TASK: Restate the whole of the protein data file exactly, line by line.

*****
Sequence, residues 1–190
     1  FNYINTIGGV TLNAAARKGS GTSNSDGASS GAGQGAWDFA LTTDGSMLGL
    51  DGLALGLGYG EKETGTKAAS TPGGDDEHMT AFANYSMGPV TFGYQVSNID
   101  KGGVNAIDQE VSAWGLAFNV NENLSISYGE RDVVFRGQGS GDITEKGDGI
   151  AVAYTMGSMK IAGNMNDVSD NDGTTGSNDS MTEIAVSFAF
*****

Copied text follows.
Sequence, residues 1–190
     1  FNYINTIGGV TLNAAARKGS GTSNSDGASS GAGQGAWDFA LTTDGSMLGL
    51  DGLALGLGYG EKETGTKAAS TPGGDDEHMT AFANYSMGPV TFGYQVSNID
   101  KGGVNAIDQE VSAWGLAFNV NENLSISYGE RDVVFRGQGS GDITEKGDGI
   151  AVAYTMGSMK IAGNMNDVSD NDGTTGSNDS MTEIAVSFAF